Further Problems For Boeing Dreamliner Aircrafts

Two more 787s have been grounded after mechanical problems and fuel leaks.



Boeing has been hit by further setbacks to its heralded 787 Dreamliner aircraft after two planes suffered faults in successive days, adding to its growing list of problems.

The two planes, both operated by Japan Airlines, were grounded at Logan airport in Boston over Monday and Tuesday after smoke filled the cabin of one aircraft and a fuel leak stopped the other from taking off.

The grounded flights are the latest in a string of growing pains the US-manufacturer has faced with the model. Qatar Airways grounded one of its three Dreamliners last month after discovering an electrical problem that also grounded two 787s belonging to United Airlines.

At Logan airpot on Monday, a battery in the auxiliary power unit suffered fire damage, pouring smoke into the cabin shortly after passengers had disembarked from the plane, having landed from Tokyo.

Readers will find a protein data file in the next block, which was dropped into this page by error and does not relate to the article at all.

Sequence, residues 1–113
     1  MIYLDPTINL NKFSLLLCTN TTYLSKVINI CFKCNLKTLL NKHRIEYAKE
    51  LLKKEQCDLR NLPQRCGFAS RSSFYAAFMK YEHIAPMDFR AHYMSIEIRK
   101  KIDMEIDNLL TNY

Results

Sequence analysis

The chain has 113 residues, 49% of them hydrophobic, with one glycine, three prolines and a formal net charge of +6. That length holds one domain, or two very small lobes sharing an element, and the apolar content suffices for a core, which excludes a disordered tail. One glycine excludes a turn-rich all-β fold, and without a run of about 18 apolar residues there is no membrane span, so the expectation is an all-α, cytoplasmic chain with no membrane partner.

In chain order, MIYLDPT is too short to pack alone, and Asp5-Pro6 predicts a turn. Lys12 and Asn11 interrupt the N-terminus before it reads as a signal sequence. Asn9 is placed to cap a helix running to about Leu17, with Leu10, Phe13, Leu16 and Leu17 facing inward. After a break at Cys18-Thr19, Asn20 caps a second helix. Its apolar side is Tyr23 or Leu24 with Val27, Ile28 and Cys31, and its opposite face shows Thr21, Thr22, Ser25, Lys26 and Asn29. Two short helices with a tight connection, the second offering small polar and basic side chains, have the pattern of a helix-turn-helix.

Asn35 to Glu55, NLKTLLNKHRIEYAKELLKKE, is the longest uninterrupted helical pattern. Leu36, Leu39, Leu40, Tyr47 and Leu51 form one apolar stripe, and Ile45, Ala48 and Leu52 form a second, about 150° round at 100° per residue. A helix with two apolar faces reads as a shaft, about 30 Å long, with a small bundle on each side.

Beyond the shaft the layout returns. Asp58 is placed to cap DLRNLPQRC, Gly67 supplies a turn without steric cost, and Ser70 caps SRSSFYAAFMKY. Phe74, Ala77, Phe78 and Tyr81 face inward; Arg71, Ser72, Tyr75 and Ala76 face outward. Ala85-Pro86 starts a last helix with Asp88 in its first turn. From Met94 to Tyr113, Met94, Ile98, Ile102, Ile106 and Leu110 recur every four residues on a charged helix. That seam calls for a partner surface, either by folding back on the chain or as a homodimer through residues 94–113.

On Tuesday, a fuel leak forced the Dreamliner to taxi back to the gate and allow all 178 passengers off, after 150 litres of fuel spilled onto the runway shortly before takeoff. The leak was spotted by a pilot in a nearby aircraft.

Last month the US Federal Aviation Administration issued a formal warning after it had discovered errors in fuel-line assembly.

Responding to the latest problems, Qatar Airways’ chief executive, Akbar Al Baker, has played down safety concerns as ‘teething problems’.

Speaking at the time of grounding one of Qatar Airways three Dreamliners, Al Baker said: “One of our Dreamliners has the same problem that the United plane had and I am very disappointed in Boeing. We will demand compensation (from Boeing)… we are buying planes from them to use them, not to put in a museum.”

Early in December, a United Airlines Dreamliner with 184 people aboard was forced to make an emergency landing after one of six power generators failed.

Qatar Airways has placed orders for 60 Dreamliners – 30 firm and an option for 30 more.

Al Baker said he was concerned that two airlines finding the same fault may indicate the presence of a wider, systemic problem with the U.S. made jets.

“Two aircraft having the same major problem so quickly is a cause of concern,” Al Baker said. “Boeing need to get their act together because the delay of more than three years in delivery forced us to slow our expansion plans.”

Aside from the latest mechanical issues to hit the 787, production problems had previously delayed its arrival by three and a half years.

Boeing shares dropped 2.6 per cent to $74.13 on news of the latest problems yesterday.

Click here to see Al Baker’s full response to the latest problems to hit the Dreamliner.